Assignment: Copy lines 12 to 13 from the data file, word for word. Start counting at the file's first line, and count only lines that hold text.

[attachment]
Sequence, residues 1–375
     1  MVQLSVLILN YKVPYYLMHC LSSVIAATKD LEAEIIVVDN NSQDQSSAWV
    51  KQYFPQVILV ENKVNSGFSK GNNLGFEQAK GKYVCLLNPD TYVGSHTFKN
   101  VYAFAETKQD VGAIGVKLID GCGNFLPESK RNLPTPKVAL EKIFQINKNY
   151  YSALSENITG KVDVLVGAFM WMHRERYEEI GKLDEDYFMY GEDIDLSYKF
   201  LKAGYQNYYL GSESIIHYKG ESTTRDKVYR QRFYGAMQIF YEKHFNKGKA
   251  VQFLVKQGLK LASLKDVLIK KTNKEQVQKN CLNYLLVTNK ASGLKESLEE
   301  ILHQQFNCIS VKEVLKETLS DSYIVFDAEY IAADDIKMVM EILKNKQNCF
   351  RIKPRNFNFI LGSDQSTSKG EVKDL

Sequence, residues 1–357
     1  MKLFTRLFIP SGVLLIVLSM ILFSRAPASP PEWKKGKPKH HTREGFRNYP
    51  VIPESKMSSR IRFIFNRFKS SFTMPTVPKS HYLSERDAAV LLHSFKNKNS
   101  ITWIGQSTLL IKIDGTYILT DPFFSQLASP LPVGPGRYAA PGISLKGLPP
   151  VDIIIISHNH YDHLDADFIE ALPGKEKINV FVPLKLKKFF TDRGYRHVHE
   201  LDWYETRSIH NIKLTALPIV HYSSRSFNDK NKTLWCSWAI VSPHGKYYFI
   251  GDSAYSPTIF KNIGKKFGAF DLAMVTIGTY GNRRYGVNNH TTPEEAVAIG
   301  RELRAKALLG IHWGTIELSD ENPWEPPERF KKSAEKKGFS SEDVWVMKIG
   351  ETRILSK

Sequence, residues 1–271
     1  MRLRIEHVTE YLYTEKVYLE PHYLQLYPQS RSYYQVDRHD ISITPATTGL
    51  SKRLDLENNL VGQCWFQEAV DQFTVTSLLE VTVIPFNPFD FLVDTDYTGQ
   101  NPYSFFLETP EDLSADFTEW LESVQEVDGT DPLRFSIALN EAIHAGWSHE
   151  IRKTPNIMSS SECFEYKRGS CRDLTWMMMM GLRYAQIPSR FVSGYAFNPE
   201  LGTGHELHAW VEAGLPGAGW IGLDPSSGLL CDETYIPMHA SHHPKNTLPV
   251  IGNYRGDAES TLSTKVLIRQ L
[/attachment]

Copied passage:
    51  VIPESKMSSR IRFIFNRFKS SFTMPTVPKS HYLSERDAAV LLHSFKNKNS
   101  ITWIGQSTLL IKIDGTYILT DPFFSQLASP LPVGPGRYAA PGISLKGLPP